Citric Acid ... ... ... ½ ounce.

Sulphate of Iron ... ... 1 ½ ounces.

Water ... ... ... ½ pint.

The decolouring property of this solution is remarkable, and the negative comes from it with a bloom upon it which is a pleasure to behold. The shadows are cleared, and the dark portions of the film are turned to pearly grey.

It has been already pointed out that an under-exposed negative is not worth keeping. An over-exposed one is very often benefitted by the operation known as intensification. This is the formula: -

Mercuric Chloride ... ... 1 ounce.

Sal Ammoniac ... ... 1 ounce.

Water ... ... ... 12 ounces.

This mixture is a deadly poison, and the bottle containing it should be kept in some corner where it is not likely to be meddled with. A negative can be intensified with it long after it has been fixed, washed, and dried. In any case the negative to be treated should be placed in water to which a little alum has been added for some hours previous to the operation.

If any hypo, remains in the film, the mercury will do more harm than good. Having taken this precaution, immerse the negative in a clean dish, pour upon it sufficient of the mercury solution to cover it, and keep the dish gently rocking, until the image is perfectly bleached. This will take place in about two minutes. Now wash the plate most thoroughly under the tap, and put it in a bath of the following, which may be kept like the mercury as a stock solution: -

Soda Sulphite ... ... 1 ounce.

Water ... ... ... 10 ounces.

In this solution the snow-white image will speedily turn black. When the action is complete the negative must have a final rinse under the tap, and we can then examine it. We shall find that the thin image has become dense, and that what before was a mere ghost, although possessing plenty of detail, is now a good printable negative. Still,let us once more remember that intensification is at the best but a makeshift, and that careful exposure in the first instance will give a far better result.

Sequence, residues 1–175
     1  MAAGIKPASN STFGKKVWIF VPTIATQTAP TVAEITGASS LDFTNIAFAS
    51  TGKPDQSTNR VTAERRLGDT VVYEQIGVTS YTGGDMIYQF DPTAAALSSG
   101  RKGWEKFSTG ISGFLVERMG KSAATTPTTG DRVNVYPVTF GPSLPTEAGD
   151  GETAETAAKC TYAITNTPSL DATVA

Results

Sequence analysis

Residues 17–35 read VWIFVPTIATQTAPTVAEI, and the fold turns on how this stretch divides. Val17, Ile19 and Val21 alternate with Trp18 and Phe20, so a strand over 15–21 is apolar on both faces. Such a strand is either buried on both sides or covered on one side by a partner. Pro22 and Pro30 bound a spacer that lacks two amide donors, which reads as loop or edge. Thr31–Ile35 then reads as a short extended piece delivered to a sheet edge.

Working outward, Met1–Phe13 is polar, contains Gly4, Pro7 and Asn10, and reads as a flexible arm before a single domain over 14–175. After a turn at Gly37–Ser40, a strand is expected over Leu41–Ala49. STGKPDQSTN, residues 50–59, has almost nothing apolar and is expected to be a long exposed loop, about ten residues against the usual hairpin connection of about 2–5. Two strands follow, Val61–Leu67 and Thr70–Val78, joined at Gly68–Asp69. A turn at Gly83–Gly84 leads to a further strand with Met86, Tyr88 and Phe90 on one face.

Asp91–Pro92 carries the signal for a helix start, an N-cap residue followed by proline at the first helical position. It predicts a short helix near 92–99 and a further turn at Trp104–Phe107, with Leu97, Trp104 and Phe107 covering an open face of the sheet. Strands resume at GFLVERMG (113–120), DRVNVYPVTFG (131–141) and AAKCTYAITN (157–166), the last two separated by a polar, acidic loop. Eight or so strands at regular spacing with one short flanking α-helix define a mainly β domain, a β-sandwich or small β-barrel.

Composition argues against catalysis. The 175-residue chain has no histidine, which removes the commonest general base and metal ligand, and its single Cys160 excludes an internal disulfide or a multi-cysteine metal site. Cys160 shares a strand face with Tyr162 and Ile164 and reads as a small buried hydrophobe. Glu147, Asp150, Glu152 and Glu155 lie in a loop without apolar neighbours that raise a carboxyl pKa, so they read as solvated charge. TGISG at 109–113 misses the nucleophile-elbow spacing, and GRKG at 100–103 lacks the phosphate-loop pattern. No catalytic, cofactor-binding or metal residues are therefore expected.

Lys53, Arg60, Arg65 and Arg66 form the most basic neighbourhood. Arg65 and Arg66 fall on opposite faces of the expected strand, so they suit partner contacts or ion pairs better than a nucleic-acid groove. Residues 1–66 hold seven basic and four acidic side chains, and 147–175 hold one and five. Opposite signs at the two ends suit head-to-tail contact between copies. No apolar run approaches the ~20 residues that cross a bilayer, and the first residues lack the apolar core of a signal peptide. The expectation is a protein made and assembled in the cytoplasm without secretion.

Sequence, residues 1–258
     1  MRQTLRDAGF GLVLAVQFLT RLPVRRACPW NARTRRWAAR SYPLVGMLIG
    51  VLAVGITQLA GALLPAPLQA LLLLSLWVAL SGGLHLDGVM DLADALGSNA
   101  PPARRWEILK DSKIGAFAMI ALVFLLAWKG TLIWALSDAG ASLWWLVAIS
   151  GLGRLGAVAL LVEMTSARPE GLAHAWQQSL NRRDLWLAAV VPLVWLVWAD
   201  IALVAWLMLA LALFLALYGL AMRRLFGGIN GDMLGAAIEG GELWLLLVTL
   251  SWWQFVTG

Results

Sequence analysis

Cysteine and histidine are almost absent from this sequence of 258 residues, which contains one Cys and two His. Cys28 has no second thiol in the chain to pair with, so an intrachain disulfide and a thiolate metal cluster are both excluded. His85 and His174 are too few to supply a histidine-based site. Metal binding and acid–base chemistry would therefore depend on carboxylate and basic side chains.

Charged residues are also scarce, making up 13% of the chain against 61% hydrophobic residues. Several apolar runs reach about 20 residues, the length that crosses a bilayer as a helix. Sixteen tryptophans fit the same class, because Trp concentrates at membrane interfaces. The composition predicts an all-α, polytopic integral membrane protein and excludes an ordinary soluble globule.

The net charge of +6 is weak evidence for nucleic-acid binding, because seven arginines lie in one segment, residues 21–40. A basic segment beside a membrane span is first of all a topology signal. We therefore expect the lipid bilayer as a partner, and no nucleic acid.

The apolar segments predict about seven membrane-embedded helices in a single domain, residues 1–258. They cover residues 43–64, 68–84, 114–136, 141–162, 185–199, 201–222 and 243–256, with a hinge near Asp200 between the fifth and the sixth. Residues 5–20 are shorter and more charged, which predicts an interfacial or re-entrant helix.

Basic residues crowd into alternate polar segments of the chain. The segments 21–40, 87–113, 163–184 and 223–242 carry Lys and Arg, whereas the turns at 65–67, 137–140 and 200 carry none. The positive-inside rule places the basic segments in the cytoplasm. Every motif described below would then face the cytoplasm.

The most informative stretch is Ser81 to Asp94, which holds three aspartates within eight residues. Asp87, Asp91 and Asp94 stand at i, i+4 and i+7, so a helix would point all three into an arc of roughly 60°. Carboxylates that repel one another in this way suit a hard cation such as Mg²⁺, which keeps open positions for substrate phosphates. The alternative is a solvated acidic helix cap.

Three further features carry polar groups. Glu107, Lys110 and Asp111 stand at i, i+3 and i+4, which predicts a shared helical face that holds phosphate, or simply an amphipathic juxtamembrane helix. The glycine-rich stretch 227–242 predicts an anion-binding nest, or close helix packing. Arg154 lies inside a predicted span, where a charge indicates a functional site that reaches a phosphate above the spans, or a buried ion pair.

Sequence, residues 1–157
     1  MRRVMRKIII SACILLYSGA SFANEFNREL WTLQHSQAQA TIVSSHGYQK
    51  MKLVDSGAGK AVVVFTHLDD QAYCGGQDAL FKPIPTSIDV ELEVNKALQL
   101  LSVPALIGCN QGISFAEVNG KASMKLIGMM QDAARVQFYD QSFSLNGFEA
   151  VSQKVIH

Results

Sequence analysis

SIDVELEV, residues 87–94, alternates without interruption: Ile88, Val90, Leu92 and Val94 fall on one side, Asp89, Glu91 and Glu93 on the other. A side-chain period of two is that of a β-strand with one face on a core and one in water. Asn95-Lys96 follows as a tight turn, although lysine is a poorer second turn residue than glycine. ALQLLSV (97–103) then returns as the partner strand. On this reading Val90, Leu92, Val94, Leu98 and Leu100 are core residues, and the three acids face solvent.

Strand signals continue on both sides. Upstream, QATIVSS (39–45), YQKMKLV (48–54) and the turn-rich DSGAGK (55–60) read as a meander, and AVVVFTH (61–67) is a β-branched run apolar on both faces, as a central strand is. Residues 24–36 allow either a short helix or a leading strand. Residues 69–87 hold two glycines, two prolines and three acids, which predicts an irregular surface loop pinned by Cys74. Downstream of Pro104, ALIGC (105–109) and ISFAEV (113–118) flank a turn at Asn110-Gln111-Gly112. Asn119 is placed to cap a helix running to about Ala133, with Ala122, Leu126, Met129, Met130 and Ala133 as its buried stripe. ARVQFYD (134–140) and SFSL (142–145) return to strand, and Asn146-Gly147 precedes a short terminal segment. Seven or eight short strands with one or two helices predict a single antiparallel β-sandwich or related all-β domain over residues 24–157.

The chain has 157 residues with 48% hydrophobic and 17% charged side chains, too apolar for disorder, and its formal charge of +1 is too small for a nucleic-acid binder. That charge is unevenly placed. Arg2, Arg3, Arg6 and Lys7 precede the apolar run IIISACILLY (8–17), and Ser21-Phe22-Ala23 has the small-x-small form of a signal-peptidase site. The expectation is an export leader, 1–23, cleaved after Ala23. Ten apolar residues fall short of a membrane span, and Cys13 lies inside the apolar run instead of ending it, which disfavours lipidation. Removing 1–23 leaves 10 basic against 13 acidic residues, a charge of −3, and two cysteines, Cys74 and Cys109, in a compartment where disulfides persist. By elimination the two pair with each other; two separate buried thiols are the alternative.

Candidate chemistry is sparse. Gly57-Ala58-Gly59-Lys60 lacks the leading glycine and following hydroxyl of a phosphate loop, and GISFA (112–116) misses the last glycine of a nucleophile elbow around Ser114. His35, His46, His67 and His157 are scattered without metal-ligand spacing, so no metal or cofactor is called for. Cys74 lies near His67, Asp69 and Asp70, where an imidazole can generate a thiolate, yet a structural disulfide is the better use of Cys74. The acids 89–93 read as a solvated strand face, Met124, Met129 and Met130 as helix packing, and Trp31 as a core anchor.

If a negative is so dense that it becomes difficult for the light to penetrate it in the after process of printing, it has probably been over-developed. It can be easily reduced by the following method. Make a saturated solution of the red prussiate of potash. Also make up a fresh bath of fixing solution (hypo.) of the usual strength. Add 10 drops of the former to the latter, and place your negative in the mixture. Reduction will immediately commence. When it ceases, and if the negative should be still too dense, add another 10 drops of the prussiate and commence afresh. Repeat this again and again until the required density is arrived at.

It now only remains to varnish the negative. This should on no account be ommitted if the negative be valued. The varnish forms a protecting film to the negative which keeps out damp and other destructive influences. For this operation we require proper varnish, an empty dry bottle, and a pneumatic holder. Putting a plate on the holder we gently warm it in front of a clear fire. It must be only warm, not hot. Now pour a pool of varnish in the centre of the glass and by tipping the plate urge it to one corner after the other. Pour off the surplus into the dry bottle, rock the plate from side to side, hold it in front of the fire until it gets thoroughly hot, and the operation is complete. The negative is now ready for yielding prints upon paper. A description of the process will form the subject of our next chapter.